Aug 02, 2012
By Natasha Domanski
County Executive Edward Mangano is making more cuts to the budget, this time without cutting jobs completely, and, now with the help of the Civil Service Employees Association, also known as the Local CSEA 830. Together they have approved potentially 5,000 unpaid, voluntary furloughs in order to meet the budget deficit in the upcoming year, according to Nassau County Spokesman Brian Nevin.
Union leaders are said to be supporting the plan as a means of avoiding future layoffs within the county. Local CSEA 830 Spokesman Ryan Mulholland said they’re supporting the program since it is technically a voluntary leave program, and not a required furlough, and that the details of the contract read that any department head may deny this program at any time should they feel that they do not have the resources to continue with their department if they lose more employees.
“I don’t know how many people will come forward, but we have heard from workers who say they will take a leave to benefit someone sitting in the desk next to them so they can all keep their jobs,” Mulholland said. “I’ve also heard from people that say they absolutely cannot do it because they’re already living paycheck to paycheck.”
When asked about diminishing services, Mulholland said that certain departments are very unlikely to participate like the 911 services who have already been working at times with only one operator for the entire county. “It is tricky,” he added. Law enforcement is not included in the plan.
Local CSEA 830 President Jerry Laricchiuta announced the details of the furloughs in a statement on July 27. The 5,000 employees’ options are taking one day to a maximum of 60 days off a year, with no more than 20 consecutive.
The County said that this plan is effective immediately and will be available for consideration until this time next year. Nevin stated that this is another way Mangano intends to continue to reduce labor costs and protect taxpayers through savings initiatives. He added that the County will continue to implement its plans to reduce the workforce by another 200 positions, and that the County will continue to determine which departments these cuts will take place in.
Nevin also mentioned briefly that the County is currently in court seeking the ability to furlough employees should this action be needed to balance the budget and avoid a property tax hike.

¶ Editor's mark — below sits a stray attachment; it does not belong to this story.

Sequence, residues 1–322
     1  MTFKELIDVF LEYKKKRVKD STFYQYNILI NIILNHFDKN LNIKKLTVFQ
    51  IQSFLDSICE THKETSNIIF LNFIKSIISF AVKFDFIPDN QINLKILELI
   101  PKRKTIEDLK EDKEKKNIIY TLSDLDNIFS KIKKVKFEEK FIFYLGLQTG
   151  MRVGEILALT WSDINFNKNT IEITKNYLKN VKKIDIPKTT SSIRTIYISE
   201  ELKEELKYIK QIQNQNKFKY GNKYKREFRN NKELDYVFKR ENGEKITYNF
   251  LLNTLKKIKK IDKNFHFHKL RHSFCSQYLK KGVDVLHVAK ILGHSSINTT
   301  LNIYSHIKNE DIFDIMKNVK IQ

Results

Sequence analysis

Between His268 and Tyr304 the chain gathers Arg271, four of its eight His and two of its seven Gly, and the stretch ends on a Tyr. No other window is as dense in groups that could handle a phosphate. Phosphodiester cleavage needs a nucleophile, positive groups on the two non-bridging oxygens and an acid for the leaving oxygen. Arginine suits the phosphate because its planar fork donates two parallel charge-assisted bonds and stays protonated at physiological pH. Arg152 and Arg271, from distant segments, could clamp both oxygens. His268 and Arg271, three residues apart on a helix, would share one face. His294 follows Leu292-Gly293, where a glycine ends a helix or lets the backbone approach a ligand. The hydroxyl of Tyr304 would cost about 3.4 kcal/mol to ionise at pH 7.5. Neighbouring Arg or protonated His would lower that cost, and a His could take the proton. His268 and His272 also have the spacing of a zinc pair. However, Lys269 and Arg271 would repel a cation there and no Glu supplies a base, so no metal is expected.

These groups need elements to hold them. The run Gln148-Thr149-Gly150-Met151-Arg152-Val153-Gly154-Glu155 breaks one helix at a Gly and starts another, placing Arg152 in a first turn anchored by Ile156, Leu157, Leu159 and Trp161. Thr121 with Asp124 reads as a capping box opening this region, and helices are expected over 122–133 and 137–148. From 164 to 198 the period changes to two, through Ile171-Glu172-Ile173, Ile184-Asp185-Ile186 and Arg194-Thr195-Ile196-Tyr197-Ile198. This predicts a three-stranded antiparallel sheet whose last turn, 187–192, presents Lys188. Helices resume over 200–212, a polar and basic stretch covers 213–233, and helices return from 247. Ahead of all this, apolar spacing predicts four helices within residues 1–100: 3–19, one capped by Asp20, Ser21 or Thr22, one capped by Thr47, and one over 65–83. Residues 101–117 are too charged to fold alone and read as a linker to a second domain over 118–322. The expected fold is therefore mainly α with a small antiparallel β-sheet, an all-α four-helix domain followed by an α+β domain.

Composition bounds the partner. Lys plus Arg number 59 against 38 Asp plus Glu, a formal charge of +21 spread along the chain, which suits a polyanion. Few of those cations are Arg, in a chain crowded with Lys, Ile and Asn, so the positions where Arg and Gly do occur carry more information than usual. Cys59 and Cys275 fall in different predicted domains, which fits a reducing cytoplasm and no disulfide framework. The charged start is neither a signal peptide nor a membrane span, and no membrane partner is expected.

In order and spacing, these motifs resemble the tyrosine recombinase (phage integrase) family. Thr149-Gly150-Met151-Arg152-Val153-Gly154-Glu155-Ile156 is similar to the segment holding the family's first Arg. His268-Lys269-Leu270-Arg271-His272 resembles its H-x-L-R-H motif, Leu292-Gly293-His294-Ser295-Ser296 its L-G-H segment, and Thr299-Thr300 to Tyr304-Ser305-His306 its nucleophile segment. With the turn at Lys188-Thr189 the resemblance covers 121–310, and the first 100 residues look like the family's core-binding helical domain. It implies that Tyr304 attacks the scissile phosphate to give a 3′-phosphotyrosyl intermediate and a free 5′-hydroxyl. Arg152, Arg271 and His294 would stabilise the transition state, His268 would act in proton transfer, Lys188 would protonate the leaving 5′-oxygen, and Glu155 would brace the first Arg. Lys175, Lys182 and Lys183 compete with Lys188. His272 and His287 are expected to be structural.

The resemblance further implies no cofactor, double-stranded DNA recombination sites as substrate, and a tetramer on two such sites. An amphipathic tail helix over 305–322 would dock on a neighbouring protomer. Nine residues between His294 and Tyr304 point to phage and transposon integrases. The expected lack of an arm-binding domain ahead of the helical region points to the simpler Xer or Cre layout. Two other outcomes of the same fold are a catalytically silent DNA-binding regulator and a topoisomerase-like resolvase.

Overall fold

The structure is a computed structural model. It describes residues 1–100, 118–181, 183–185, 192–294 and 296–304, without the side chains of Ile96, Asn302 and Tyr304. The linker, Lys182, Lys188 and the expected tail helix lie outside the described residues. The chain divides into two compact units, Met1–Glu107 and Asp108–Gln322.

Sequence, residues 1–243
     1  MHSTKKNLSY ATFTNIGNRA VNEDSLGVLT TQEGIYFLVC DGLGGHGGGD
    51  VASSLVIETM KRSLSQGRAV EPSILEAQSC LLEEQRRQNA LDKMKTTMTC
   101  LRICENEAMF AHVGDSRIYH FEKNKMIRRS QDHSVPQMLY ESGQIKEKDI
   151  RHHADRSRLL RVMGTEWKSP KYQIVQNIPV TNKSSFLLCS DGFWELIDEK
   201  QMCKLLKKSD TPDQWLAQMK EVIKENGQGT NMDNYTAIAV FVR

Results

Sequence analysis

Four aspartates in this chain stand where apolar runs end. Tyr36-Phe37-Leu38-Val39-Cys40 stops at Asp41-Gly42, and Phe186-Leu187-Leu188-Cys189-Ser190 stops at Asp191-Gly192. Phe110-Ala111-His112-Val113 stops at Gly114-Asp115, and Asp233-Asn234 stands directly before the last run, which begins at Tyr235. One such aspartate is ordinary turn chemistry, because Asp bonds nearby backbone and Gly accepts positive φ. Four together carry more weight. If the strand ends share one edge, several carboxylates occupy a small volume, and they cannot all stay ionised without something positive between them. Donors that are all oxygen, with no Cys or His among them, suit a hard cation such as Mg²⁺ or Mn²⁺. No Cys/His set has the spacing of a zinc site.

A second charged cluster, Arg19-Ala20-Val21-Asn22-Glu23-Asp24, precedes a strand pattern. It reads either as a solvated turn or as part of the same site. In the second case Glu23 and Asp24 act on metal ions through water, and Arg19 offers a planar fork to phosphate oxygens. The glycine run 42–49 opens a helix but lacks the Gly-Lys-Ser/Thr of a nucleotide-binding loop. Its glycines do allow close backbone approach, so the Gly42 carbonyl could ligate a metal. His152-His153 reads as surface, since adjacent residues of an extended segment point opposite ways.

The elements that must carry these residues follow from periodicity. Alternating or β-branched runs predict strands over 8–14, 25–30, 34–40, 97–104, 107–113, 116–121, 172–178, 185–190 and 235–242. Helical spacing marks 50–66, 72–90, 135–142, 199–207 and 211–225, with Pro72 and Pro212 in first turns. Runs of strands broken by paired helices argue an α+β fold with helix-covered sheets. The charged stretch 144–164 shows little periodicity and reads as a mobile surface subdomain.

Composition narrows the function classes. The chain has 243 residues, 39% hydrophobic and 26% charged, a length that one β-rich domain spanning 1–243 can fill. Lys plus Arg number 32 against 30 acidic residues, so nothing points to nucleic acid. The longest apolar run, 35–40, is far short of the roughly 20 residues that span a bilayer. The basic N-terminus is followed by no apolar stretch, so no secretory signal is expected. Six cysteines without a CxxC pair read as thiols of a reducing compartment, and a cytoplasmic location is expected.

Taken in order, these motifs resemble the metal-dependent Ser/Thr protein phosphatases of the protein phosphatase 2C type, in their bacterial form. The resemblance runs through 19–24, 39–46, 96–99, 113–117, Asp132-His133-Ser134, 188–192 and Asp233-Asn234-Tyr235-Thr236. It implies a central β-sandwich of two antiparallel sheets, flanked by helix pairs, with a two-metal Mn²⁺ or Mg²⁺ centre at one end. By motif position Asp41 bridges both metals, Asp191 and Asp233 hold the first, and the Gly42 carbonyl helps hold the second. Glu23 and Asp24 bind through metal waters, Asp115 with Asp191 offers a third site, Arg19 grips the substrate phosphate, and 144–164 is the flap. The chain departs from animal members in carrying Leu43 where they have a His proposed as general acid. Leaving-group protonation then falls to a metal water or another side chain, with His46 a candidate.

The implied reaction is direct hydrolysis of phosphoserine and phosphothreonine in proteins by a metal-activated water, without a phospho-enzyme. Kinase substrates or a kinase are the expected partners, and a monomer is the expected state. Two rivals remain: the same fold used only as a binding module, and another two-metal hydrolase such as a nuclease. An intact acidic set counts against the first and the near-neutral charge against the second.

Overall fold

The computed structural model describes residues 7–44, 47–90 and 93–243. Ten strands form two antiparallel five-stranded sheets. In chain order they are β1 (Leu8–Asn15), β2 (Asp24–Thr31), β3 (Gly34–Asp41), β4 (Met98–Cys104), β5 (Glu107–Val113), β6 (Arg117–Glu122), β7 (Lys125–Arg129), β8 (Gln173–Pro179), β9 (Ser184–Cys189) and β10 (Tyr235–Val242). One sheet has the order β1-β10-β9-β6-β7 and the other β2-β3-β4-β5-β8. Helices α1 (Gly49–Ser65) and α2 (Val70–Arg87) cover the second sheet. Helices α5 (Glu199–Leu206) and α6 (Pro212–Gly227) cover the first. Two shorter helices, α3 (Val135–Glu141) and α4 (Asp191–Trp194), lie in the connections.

In June, the union leaders that are now complying with the job reductions asked U.S. District Court Judge Arthur Spatt for a preliminary injunction to keep Mangano from implementing a bill that would reopen labor contracts and furlough employees. A statement issued by the CSEA in mid-July argued that in terms of contract negotiating the bill, “skews all of the power in the relationship in the county’s favor.” Judge Spatt said in June that allowing for a modification of union contracts might be unconstitutional, and his ruling is expected later this month.
Just this week, County Comptroller George Maragos announced the final audited budget results for Nassau, which is staring down a potential $45 million deficit for 2012.
The 2011 budget ends with a $50.4 million deficit after an ongoing deadlock battle between Republicans and Democrats over the budget deficit from 2011 that was (and is) needed for tax rebates for the county’s residents and business owners. A fight over nonpartisan legislative redistricting added fuel to the flame, and politics have been in a stalemate mode ever since this past May.
“The deficit in 2011 was avoidable and is primarily the result of NIFA and the Legislative minority failing to work with the Administration to approve $43.1 million in bonding for property tax refunds,” Comptroller Maragos said.
He added in his statement that finances for the budget are resurfacing in certain aspects of the County’s government in order to aid in filling the deficit. The gap between recurring revenues and expenses narrowed to five percent from over 10 percent in 2009, and the report also read that the borrowing for current operating expenses was eliminated, except for extraordinary termination pay.
Mangano has had his hand in other projects, as well, to which he says the profits are all going to paying back the deficit. An initiative to sell off excess inventory rather than repair it, like the County-owned Orion Buses, formerly part of the Long Island Bus fleet, has proved to be a successful recovery method for taxpayers. Mangano’s office said the recent auction of 15 vehicles pushed the total proceeds from the sale of surplus county vehicles to $400,475. The buses, which were owned by the County, but used by the MTA when it ran Long Island Bus, have reached the end of their useful life. They were purchased by a handful of bidders, most of whom will use them for scrap.
“When I was elected County Executive I realized that car auctions had not taken place in several years and there was a surplus inventory of un-repairable vehicles wasting space throughout the County,” Mangano said. “Rather than allow these vehicles to rot, my administration has sold them for parts and raised in excess of $400,000 for taxpayers.”
Mangano has also addressed the excessive claims by pharmaceutical companies to the Medicaid program, an issue that has been looming over many New Yorkers’ heads, according to the County. The funds achieved currently amounted to a $258,561 settlement with defendant Sandoz, Inc., and are now surpassing $1 million. The issue of inflated drug prices has affected Nassau and 48 other counties in New York, Mangano said.
In addition to the bus and drug revenue, Mangano released a revised financial plan last week, which included multiple layoffs and cancellation of capital projects, departmental purchases and discretionary contracts as a way to close the shortfall.
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